Four months from now, the financial year 2019-20 will come to an end. Eight months have already passed, with such a fall in the GDP growth rate—slowdown in the Indian economy cannot be reversed in the near future. The country cannot realize the budgeted GDP growth rate for this year.
The fall in the GDP growth rate has touched a new low at 4.5 per cent in the second quarter as against 5 per cent in the first. It is the worst growth figure after 2012-13, the base year for the new series of the data. The average growth rate in the first six month is thus merely 4.75 per cent, and then in the last two months, the economic and financial crises have signalled a further decline.
The slowdown has created a huge shortfall in the budgeted estimates of the current financial year. The GDP for the year 2019-20 was projected 2,11,00,607 crore assuming 12 per cent (nominal) growth over the estimated GDP of 1,88,40,731 crore for 2018-19. At the average growth rate of 4.75 per cent, that we have been able to achieve in the first half of the current financial year, the likely shortfall at the end of this year is quite disturbing. How precarious the situation is can be imagined by the fact that the RBI’s transfer of funds to the tune of 1.76 lakh crore to the government of India was 1.25 per cent of GDP in 2018-19.
The government expects to get about only one lakh crore from distress sales, which the Ministry of Finance has termed as strategic sale, of public assets in form of disinvestment. Thus, the Indian economy has clearly come to a crossroad. It seems, there are only two options before the government: First, to borrow a very large amount of money from domestic and international lenders, and second, to sell national public assets. The only saving grace available to the government is the strong economic fundamentals of our country created by the former governments.
The present slowdown in the economy has been attributed chiefly to a fall in domestic consumption and demand. It fell because there is a shortfall of money with the people, which in turn is the result of joblessness, which is at a 45-year high. It is an accumulating effect of several factors such as investment, particularly private investment, which is at a 14-year low, industrial production growth slipping to a new low at only 2 per cent as per the data came out in August, GVA growth rate in agriculture and allied activities falling to 2.92 per cent, and so on. The list is long and most of the items present a distressing picture. All these are of the making of this government, which relied on Modi’s exaggerated sense of self-importance, whose economic measures either went wrong.
Moreover, the mismanagement of the economy and finance has created a financial mess which is characterized in the corruption in bank transactions leading to unprecedented financial crisis. Investors’ confidence has almost shattered. Thousands of industrial units have to be shut down, others are struggling for survival, rendering crores of workers jobless, and creation of new jobs are too little to have any impact on household earnings. With an absolute majority in Lok Sabha and low global oil prices, the government had a once-in-a-generation economic opportunity, which the Modi government has squandered.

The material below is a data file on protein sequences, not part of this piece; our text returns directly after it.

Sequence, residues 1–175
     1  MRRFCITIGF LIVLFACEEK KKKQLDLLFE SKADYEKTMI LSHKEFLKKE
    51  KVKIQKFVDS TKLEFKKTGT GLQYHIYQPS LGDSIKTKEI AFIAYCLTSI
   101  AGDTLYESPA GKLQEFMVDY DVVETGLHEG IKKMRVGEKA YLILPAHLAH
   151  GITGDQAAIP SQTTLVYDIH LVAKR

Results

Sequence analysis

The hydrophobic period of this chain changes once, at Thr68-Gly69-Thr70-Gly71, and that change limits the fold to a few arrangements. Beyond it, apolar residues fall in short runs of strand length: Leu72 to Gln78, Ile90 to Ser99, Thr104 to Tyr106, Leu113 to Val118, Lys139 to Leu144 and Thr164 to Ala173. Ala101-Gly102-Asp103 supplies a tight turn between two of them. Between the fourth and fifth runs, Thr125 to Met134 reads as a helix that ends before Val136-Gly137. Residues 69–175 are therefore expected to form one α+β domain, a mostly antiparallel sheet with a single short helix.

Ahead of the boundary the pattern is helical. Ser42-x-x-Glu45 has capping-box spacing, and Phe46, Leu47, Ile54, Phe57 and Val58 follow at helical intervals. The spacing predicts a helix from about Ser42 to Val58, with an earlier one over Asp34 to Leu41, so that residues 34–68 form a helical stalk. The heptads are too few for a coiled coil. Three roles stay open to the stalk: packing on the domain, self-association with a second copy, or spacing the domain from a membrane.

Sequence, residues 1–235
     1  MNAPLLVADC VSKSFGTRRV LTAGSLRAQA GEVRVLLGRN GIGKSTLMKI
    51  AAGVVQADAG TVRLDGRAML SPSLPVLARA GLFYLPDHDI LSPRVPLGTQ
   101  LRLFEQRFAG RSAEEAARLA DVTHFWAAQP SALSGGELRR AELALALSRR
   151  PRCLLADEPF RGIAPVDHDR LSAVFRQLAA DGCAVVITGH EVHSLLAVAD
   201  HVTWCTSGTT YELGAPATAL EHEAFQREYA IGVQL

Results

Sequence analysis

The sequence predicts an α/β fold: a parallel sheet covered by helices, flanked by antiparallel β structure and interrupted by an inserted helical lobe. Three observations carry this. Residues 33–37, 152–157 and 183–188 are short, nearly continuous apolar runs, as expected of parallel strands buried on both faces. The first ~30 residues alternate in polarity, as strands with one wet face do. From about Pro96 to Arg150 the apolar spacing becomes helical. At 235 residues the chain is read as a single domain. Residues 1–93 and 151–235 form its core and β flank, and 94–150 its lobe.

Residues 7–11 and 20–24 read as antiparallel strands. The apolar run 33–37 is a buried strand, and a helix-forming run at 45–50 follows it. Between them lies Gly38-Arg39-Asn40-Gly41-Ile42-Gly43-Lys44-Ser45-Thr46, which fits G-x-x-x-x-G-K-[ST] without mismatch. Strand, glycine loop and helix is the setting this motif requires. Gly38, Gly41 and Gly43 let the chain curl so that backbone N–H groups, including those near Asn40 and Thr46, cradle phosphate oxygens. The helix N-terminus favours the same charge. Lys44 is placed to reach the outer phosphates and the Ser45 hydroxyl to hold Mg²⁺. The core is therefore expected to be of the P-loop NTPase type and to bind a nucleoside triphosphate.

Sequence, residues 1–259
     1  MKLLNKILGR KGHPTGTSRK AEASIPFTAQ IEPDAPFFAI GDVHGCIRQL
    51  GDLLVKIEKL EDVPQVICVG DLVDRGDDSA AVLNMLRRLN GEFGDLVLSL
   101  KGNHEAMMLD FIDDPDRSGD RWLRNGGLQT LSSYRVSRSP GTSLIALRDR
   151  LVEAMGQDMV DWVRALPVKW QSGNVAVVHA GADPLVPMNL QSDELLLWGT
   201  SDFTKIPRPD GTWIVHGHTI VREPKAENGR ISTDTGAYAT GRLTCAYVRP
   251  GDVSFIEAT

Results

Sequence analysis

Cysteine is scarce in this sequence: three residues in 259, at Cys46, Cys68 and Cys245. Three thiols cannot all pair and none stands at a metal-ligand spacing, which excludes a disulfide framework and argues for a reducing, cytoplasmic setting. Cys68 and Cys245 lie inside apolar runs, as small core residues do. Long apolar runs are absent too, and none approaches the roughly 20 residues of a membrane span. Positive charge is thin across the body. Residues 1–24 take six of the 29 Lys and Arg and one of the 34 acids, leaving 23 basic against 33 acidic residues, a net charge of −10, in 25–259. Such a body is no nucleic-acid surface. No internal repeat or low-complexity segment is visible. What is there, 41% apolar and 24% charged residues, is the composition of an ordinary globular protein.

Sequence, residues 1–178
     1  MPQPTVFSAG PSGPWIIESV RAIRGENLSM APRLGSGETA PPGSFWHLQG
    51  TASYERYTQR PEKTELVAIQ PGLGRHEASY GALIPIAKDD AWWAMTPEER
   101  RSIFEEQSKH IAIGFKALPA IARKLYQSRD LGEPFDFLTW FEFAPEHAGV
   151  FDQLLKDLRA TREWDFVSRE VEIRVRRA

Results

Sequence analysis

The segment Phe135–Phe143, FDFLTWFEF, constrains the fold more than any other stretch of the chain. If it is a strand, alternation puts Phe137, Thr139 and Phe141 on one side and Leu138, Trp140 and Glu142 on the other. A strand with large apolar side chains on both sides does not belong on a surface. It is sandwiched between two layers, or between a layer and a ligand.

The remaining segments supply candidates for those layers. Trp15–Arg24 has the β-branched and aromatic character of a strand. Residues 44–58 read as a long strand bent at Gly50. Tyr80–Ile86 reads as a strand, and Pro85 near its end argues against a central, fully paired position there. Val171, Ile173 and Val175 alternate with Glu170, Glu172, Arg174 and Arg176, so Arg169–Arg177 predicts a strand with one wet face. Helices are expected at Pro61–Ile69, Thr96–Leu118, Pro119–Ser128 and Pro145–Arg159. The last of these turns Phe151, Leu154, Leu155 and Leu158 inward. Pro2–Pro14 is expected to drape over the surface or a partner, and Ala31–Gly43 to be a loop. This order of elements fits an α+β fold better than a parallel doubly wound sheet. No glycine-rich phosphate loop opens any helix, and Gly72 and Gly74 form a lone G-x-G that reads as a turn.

The GDP numbers were released along with the data for the eight core infrastructure industries, which showed output declining by 5.8 per cent in October. As many as six of the eight core industries saw a contraction in output in October. Coal was the worst hit, declining steeply by 17.6 per cent. Among the sectors that took a hit this quarter is also the manufacturing industry that witnessed negative growth in the second quarter as the sector grew at minus 1 per cent. The slowdown has also taken away from India the tag of world’s fastest growing major economy to China.
The more worrisome factors are slowdown in private consumption, investment, and export. The short supply of money, lack of credit to the producers to produce goods due to the banking crisis, and lack of demand in the domestic market has created a condition in which companies are forced to lower their production. No industry is working at their full capacity. Both production and sales are under pressure, and public spending is running out of room due to poor tax collection.
Modi government has undertaken a slew of reforms in recent months to reverse the slowdown, which included steps to improve credit in the market focusing on offering incentives to banks to increase lending, several measures of tax reduction to corporates, super-rich surcharge imposed on foreign investors being withdrawn, exemptions granted for start-ups from angel tax, infusion of Rs 70,000 crore in public sector banks, setting up a special real estate fund, merging several public sector banks, announcing the biggest privatization drive in more than a decade et al. Even RBI has slashed lending rates of banks five times this year. However, all of it proved inadequate to handle the crisis.
Experts and analysts are of the view that the government did not do enough to address the issue of slowdown in domestic demand which is displaying chronic weakness. The demand is on the decline since there is not enough money with the people. Situation in the rural areas are becoming worse, pushing more people under the poverty line.
Even the Union Finance Minister Nirmala Sitharaman has ruled out revival of economy any time soon while asserting that the government is doing everything possible. She has assured the country while admitting the slowdown that country will not fall into recession. But who will believe her?